Monday, Oct 15, 2018 | Last Update : 08:16 PM IST
Crisil expects GNPAs to peak in mid of current fiscal.
Mumbai: Rating agency ICRA on Monday said that the loan defaults by Indian companies are likely to inch higher in FY19 due to higher cost of borrowing and weak balance sheet strength.
The rating agency upgraded the ratings of 646 entities in FY18 and downgraded that of 418 entities. While the higher number of upgrades suggests an improvement in the credit quality, the rating agency said that these trends do not imply that the credit quality pressures on India Inc have subsided.
According to it, the volume of the debt-downgraded rose sharply to almost Rs 3 lakh crore in FY18, significantly higher than the debt of Rs 1.7 lakh crore, downgraded in the previous fiscal.
Even as the volume of the debt upgraded at Rs 1.8 lakh crore too rose by 17 per cent over the previous year, Icra noted that this semblance of recovery was obscured by the large volume of the debt downgraded.
“Overall default rates increased to 3.4 per cent in FY18 from 2.6 per cent in FY17, and a further increase in FY19 cannot be ruled out, given the extant bank funding-related challenges that might adversely impact both the cost of borrowing as well as the liquidity profile, particularly that of weaker entities. The overall corporate sector leverage too continues to remain high,” said Anjan Ghosh, chief rating officer, Icra.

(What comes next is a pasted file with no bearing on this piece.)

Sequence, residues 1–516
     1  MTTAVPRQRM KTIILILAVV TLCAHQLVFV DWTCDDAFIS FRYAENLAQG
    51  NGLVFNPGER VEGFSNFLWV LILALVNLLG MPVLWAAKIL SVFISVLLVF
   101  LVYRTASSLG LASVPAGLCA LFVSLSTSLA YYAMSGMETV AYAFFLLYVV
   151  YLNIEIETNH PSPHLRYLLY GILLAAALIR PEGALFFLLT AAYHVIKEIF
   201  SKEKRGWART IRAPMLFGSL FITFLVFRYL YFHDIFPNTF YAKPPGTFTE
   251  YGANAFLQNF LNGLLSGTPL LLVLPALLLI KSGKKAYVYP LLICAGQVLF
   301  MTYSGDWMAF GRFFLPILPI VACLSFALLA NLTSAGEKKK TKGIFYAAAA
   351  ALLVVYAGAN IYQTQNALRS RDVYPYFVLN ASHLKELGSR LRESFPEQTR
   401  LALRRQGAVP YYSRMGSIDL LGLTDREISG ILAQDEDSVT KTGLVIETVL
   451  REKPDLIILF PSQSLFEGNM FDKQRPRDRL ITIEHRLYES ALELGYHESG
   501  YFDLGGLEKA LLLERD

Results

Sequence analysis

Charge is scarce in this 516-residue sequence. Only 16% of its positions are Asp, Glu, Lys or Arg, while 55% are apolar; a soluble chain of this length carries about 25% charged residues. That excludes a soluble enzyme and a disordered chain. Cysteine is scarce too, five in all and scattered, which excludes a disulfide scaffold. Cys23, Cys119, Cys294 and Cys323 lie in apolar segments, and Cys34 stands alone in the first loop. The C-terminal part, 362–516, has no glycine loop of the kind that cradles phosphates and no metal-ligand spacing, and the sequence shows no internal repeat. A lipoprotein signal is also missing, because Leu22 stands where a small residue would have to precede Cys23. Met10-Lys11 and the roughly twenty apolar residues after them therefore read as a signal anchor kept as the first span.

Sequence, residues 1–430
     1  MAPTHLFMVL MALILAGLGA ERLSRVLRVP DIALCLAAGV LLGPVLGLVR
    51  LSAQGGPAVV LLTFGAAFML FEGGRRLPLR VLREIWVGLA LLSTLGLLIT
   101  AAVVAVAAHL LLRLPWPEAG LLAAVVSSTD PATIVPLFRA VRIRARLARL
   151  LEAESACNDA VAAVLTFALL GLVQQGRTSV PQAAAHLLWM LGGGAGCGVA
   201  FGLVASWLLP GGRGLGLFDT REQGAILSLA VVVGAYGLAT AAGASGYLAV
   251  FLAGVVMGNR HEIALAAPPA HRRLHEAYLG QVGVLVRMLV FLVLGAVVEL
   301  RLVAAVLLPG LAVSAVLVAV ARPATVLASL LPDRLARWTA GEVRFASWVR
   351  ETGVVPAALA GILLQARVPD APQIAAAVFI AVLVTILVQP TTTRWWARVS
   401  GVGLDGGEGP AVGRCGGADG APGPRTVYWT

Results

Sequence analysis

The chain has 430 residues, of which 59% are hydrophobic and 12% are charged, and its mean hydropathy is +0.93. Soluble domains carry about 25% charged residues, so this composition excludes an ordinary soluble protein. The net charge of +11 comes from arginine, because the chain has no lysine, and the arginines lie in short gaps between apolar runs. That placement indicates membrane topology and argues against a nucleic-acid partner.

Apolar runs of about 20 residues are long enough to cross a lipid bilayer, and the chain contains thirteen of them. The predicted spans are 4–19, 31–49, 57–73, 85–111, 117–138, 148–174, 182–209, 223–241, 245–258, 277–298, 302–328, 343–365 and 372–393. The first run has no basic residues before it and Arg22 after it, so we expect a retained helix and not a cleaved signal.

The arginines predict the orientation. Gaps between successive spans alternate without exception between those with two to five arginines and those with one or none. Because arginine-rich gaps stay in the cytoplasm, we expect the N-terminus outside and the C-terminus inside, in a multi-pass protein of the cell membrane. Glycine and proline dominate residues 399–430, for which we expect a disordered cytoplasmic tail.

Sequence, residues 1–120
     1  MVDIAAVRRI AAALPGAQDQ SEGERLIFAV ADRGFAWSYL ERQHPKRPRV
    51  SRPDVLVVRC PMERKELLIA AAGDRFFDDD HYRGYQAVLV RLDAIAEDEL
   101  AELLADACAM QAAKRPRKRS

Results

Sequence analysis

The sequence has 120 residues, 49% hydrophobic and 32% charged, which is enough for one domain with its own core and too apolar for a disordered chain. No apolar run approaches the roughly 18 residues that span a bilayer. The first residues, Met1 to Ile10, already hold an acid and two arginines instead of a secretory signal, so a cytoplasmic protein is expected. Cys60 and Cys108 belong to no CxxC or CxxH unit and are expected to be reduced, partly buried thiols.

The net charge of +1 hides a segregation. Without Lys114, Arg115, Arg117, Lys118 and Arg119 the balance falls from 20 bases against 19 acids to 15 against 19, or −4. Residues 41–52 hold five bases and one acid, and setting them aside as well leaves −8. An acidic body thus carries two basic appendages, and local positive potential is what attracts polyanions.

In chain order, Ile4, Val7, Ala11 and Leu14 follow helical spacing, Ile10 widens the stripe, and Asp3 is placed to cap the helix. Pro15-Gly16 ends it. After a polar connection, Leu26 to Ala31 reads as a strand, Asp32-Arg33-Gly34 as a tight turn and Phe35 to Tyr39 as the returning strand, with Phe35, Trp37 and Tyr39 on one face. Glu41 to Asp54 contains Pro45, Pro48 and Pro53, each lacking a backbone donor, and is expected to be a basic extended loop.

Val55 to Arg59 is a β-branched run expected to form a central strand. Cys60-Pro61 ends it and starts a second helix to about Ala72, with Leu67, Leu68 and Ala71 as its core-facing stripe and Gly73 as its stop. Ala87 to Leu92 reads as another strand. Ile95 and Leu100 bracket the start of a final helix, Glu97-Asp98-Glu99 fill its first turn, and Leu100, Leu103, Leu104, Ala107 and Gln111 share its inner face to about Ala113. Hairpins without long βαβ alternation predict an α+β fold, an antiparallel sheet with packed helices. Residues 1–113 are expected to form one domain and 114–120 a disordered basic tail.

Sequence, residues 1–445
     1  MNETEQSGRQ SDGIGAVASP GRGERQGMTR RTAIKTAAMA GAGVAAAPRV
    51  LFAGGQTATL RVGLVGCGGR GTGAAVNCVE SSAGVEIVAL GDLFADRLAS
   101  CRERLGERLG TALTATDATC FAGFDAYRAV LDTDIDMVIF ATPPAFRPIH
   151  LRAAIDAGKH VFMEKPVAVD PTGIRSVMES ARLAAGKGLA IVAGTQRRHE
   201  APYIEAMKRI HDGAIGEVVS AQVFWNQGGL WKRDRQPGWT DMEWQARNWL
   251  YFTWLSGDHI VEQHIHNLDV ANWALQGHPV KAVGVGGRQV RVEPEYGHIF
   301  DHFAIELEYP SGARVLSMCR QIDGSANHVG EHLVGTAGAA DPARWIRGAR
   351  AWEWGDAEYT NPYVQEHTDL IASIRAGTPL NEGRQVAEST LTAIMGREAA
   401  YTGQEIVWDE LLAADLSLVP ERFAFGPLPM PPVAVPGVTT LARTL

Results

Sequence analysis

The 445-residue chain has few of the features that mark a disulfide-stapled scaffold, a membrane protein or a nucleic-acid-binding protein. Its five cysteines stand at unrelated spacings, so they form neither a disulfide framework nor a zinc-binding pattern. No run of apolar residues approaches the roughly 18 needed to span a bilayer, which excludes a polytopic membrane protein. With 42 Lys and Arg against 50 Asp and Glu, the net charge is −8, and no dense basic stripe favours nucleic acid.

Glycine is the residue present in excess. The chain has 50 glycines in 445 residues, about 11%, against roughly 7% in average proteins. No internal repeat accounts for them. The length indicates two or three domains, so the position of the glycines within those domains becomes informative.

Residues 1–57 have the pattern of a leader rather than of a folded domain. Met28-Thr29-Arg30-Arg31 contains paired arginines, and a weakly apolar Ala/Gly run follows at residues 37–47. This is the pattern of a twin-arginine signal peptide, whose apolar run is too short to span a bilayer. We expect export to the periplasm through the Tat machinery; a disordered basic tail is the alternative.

Almost half the downgrades by ICRA in FY18 were induced by the weakening business position of entities. Several engineering sector entities faced a slowdown in their domestic order book, while apparel manufacturers grappled with weaker demand from overseas customers.
A number of real estate sector entities experienced delays in commissioning or stabilisation of projects, while several tea producers suffered from cost challenges.
The sectors in which the credit quality of participants continued to improve in general were auto ancillaries, petrochemicals and polymers, power (mostly renewable energy entities) and seafoods, besides the housing finance and the NBFCs, Icra said.
Meanwhile CRISIL Ratings said it expects the stock of gross non-performing assets (GNPAs) to peak in the current fiscal. While resolution of large-ticket corporate NPAs already referred to the NCLT (under the Insolvency & Bankruptcy Code route) could result in a reduction in GNPAs, this could be offset by recognition of new NPAs stemming from recent revisions in the resolution framework for stressed assets by the RBI. “Fiscal 2019 can be a defining year for Indian banking, when focus returns to cranking up credit growth and steady operating profitability. Provisioning levels, though, will continue to be high, which would suppress overall profitability,” said Krishnan Sitaraman, senior director, Crisil Ratings.